Acclaimed Australian painter Gary Shead, winner of both the Archibald and Dobell prizes, has just announced his next art workshop will take place in Ubud, Bali.
Acclaimed artist Gary Shead spends most of his time painting and drawing in his beautiful studio in Bundeena, NSW. Only once or twice a year does he take leave of his little patch to do some travel through South East Asia or to teach a workshop on an island.
The acclaimed figurative painter, who has previously led fine art retreats at Arajilla on Lord Howe Island, has just announced his next art workshop will take place in Ubud. In May 2012, Gary Shead together with the Fine Art Dealer David Nagy, will welcome guests to an art workshop that is designed to wake up the five senses.
“It’s all a mystery to me, it’s all a big adventure and that is how it is for everybody,” says Shead, who traveled extensively through Papua New Guinea as a graduate from the National Art school in the late 1960’s, and believes cultural immersion is a tonic to the creative brain.
Open to only a dozen art enthusiasts, Nagy and Shead’s ‘Bali Art Experience’ includes close encounters with a local Balinese storyteller, intensive drawing workshops and just a dash of ‘de-cluttering’ meditation.
“I don’t really regard it as teaching, I regard it as a sharing of experiences at the place. We probably are a kind of guide, whoever we are, us artists, but that’s our function just to kind of guide the people,” Shead says.
The Fine Art Retreats Gary has taught previously supply students with all the materials they need and are suitable for everyone from very beginners to fully practicing artists.
Having painted and exhibited work for almost 50 years, Gary says he will share with people the various methods and techniques that have worked for him.
“I always start these things with drawing, at first we have a bit of fun with perception. Then once the group has got to know each other. We choose someone to start drawing. At first they usually say to me; ‘Oh I’m not very good at this’, ‘I haven’t drawn for a long time’, ‘It’s very hard,’ and so on and so on. Then I say: okay we will make it easier, you draw with the opposite hand – the old yard stick method – then we ask them to draw with their eyes closed and we just go on and experiment like that, until they start to feel free and they realise that to make a mark on paper is really not that hard,” Gary says.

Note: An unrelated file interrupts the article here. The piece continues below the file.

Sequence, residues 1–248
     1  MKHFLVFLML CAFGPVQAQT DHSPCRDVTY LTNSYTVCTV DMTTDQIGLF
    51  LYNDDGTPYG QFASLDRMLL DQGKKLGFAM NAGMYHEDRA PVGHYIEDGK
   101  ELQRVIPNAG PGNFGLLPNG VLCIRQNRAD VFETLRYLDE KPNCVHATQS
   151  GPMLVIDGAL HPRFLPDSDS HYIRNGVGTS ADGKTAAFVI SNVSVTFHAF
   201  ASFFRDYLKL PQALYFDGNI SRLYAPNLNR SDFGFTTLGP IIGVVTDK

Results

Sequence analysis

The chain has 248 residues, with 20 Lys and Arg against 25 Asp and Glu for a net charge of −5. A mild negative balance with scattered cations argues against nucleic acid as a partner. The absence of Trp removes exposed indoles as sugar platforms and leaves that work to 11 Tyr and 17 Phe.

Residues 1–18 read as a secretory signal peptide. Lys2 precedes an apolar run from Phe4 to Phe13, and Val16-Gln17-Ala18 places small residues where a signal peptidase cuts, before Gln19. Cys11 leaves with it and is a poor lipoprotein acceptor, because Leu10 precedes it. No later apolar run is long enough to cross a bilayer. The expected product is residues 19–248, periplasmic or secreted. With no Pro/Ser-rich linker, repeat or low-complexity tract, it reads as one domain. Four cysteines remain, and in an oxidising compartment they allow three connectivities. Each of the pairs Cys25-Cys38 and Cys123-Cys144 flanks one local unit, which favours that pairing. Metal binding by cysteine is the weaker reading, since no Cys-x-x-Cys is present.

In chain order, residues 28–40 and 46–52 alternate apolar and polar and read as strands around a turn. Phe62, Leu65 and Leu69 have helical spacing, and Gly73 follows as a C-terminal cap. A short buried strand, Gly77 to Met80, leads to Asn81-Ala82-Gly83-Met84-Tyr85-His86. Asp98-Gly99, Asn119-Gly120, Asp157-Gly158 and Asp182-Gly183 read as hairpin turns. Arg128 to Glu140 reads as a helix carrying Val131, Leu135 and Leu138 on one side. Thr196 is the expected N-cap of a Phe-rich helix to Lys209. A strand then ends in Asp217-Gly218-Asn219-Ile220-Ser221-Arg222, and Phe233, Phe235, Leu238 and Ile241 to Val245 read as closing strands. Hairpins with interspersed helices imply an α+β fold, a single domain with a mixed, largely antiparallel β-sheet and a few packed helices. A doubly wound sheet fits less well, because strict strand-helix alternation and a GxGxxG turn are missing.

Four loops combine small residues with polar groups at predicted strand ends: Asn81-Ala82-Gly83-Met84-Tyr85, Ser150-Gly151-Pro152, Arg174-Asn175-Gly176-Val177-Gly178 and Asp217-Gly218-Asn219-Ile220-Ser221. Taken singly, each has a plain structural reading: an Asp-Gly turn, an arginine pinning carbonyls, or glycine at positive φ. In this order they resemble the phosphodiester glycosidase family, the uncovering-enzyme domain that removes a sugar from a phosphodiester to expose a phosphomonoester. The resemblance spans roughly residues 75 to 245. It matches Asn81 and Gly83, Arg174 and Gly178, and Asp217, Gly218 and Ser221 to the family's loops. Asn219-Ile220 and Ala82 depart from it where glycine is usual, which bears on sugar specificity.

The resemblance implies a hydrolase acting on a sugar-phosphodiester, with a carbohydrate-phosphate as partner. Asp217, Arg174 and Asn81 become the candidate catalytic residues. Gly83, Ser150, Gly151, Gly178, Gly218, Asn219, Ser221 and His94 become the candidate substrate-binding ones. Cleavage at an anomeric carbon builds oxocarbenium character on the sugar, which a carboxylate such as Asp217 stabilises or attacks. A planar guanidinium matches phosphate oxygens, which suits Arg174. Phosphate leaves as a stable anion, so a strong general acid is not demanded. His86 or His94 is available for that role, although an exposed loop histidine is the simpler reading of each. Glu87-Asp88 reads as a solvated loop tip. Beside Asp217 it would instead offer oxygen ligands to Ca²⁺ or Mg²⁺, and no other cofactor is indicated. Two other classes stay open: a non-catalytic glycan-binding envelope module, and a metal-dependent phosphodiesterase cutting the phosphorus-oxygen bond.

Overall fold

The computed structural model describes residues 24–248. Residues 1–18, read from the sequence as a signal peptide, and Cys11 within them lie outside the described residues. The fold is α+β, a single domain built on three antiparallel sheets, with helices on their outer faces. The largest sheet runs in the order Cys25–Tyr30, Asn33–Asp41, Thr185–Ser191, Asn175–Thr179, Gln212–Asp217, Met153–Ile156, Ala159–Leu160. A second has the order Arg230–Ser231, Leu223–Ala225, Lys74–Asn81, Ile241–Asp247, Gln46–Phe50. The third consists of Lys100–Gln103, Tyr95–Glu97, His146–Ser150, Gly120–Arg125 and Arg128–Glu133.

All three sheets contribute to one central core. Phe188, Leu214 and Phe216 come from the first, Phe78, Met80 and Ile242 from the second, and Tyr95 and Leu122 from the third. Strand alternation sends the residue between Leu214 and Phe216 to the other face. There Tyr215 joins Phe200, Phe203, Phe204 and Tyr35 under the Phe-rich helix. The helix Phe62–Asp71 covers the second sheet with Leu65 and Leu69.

The next retreat planned for May 2-12 will take place at the resort of Warwick Ibah Ubud. Home to a series of Villas and Suites, Warwick Ibah is situated on 2 hectares of land between a Hindu Temple and a Holy Spring.
When working en plein air,o picnic lunches are provided by Bali’s leading boutique caterer, Lynley Marston and for some local insight Ida Bagus Oka, the retreat’s storyteller and cultural expert, will offer up a wealth of knowledge, on the historical, religious, spiritual and artistic context of the workshops setting.
“I think this experience that we are going to have, will be good because it’s always quite different when you go to place, when you go to Europe or wherever and you know someone there who is local then it is always quite different. You go to their place and see how they really live. It is not the same as if you are a tourist and you just go the hotspots.”